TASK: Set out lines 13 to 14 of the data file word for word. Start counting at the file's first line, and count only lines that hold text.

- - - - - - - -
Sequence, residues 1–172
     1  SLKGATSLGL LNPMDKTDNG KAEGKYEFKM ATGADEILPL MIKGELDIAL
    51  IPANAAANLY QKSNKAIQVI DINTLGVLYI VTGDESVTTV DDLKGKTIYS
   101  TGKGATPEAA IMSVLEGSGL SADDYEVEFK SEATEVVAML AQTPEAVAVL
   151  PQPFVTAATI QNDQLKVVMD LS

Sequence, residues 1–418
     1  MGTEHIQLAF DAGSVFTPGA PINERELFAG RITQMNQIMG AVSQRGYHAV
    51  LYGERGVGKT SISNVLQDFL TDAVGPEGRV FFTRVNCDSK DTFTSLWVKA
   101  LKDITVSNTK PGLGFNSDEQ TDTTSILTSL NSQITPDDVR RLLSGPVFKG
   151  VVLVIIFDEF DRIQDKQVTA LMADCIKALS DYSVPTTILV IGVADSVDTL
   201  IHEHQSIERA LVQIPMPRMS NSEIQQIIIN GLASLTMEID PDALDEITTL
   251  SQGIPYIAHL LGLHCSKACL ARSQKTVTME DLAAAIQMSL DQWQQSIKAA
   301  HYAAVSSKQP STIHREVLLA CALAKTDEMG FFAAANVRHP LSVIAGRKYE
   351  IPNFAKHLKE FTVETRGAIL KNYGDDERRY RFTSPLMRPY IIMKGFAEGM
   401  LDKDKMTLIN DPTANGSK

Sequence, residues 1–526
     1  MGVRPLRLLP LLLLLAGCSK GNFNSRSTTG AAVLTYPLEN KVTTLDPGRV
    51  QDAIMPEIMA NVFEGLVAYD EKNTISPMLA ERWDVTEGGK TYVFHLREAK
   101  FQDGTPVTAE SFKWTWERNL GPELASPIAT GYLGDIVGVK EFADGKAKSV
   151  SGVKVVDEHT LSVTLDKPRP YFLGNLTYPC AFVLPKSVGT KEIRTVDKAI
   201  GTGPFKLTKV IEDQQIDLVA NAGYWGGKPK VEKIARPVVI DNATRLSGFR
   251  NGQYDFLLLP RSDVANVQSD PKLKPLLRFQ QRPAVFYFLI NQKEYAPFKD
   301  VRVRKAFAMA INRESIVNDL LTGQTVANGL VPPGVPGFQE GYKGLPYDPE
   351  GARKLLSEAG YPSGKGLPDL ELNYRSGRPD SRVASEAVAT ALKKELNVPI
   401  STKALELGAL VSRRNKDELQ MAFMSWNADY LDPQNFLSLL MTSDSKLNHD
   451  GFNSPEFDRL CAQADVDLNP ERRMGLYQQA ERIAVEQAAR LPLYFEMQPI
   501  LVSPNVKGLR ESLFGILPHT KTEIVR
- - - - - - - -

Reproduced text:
   301  HYAAVSSKQP STIHREVLLA CALAKTDEMG FFAAANVRHP LSVIAGRKYE
   351  IPNFAKHLKE FTVETRGAIL KNYGDDERRY RFTSPLMRPY IIMKGFAEGM